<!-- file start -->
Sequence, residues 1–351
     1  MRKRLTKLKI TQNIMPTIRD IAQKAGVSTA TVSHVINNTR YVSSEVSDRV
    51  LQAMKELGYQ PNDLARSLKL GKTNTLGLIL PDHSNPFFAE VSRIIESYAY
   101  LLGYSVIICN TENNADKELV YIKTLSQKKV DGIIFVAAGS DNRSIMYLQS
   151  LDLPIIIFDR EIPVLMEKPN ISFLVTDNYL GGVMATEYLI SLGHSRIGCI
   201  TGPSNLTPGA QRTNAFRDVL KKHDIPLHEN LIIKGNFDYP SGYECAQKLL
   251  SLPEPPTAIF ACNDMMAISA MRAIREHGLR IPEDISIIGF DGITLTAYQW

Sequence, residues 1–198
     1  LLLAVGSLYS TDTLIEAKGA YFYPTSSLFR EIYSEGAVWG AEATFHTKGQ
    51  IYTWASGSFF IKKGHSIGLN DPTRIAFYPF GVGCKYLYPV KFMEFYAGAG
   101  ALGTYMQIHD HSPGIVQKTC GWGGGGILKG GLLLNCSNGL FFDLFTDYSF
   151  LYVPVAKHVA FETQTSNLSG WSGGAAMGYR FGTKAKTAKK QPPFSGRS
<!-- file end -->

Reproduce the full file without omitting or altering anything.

Sequence, residues 1–351
     1  MRKRLTKLKI TQNIMPTIRD IAQKAGVSTA TVSHVINNTR YVSSEVSDRV
    51  LQAMKELGYQ PNDLARSLKL GKTNTLGLIL PDHSNPFFAE VSRIIESYAY
   101  LLGYSVIICN TENNADKELV YIKTLSQKKV DGIIFVAAGS DNRSIMYLQS
   151  LDLPIIIFDR EIPVLMEKPN ISFLVTDNYL GGVMATEYLI SLGHSRIGCI
   201  TGPSNLTPGA QRTNAFRDVL KKHDIPLHEN LIIKGNFDYP SGYECAQKLL
   251  SLPEPPTAIF ACNDMMAISA MRAIREHGLR IPEDISIIGF DGITLTAYQW

Sequence, residues 1–198
     1  LLLAVGSLYS TDTLIEAKGA YFYPTSSLFR EIYSEGAVWG AEATFHTKGQ
    51  IYTWASGSFF IKKGHSIGLN DPTRIAFYPF GVGCKYLYPV KFMEFYAGAG
   101  ALGTYMQIHD HSPGIVQKTC GWGGGGILKG GLLLNCSNGL FFDLFTDYSF
   151  LYVPVAKHVA FETQTSNLSG WSGGAAMGYR FGTKAKTAKK QPPFSGRS